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School Library JournalGr 5–8
These biographies emphasize the intellect, integrity, and hard work of their subjects. Ditchfield updates her 2003 title, tracing Rice's meteoric climb from segregated Birmingham, AL, to academic success at Stanford and foreign-policy influence in the Bush cabinet. Although the author mentions her subject's family and her love of football and music, most of the book focuses on her unceasing efforts to excel and includes current material about her role as Secretary of State and the American involvement in the Iraq War. Lassieur describes how Roosevelt overcame her insecurities and societal restrictions to champion progressive causes and influence her husband's policies and those of the world community through the United Nations. The author places Roosevelt's public work in the context of her relationships with her family, teachers, husband, and women friends, and, in a source note, discusses some of the historical speculation about Roosevelt's sexual orientation. Both authors are clearly admiring of their subjects. The texts are supplemented with sidebars about related topics and numerous black-and-white and full-color photos. Although Roosevelt is not as comprehensive or well written as Russell Freedman's outstanding Eleanor Roosevelt: A Life of Discovery (Clarion, 1993), both of these books are serviceable introductions to remarkable women.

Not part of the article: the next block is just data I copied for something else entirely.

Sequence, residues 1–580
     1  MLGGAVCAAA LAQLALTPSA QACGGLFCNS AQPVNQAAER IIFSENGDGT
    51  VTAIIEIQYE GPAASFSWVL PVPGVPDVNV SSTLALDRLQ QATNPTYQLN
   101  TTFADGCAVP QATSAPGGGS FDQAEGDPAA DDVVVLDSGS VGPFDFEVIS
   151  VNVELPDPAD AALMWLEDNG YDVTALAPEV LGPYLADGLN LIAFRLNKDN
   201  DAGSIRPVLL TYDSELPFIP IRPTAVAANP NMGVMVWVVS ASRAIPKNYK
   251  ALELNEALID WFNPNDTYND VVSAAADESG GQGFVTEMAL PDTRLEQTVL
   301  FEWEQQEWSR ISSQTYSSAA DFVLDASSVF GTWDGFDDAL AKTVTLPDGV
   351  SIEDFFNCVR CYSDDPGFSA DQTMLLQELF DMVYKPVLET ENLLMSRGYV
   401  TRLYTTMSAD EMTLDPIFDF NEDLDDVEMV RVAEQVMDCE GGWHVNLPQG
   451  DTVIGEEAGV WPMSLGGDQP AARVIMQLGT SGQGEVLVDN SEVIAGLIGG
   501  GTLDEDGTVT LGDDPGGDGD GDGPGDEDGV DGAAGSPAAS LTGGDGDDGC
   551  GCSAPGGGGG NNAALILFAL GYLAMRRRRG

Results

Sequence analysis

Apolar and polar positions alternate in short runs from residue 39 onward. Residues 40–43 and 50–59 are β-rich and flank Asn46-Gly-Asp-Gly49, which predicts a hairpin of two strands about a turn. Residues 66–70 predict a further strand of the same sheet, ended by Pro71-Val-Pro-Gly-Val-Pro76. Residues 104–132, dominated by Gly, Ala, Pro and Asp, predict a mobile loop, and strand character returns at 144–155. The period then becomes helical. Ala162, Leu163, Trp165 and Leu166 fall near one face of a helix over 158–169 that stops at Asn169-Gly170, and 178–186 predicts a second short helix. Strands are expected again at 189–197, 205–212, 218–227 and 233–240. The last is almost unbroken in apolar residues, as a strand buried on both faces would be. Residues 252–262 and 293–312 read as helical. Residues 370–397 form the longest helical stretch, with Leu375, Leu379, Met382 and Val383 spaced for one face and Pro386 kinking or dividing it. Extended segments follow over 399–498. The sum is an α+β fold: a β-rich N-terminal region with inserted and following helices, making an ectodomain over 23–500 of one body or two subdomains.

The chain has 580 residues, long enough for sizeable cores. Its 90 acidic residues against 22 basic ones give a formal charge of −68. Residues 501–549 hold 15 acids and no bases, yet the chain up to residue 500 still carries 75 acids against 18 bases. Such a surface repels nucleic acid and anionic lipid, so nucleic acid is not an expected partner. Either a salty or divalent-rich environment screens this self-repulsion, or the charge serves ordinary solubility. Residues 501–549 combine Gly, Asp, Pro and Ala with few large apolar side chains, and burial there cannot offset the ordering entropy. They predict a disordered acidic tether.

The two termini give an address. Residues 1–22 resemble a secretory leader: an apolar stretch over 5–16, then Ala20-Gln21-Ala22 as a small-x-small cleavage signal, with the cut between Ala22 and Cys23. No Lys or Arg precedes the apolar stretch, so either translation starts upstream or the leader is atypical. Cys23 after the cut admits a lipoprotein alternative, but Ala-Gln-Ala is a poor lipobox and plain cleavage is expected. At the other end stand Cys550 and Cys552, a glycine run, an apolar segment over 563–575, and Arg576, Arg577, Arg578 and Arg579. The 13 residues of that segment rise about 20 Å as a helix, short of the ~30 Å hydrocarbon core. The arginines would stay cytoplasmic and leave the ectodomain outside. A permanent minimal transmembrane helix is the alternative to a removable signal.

—Mary MuellerCopyright 2006 Reed Business Information.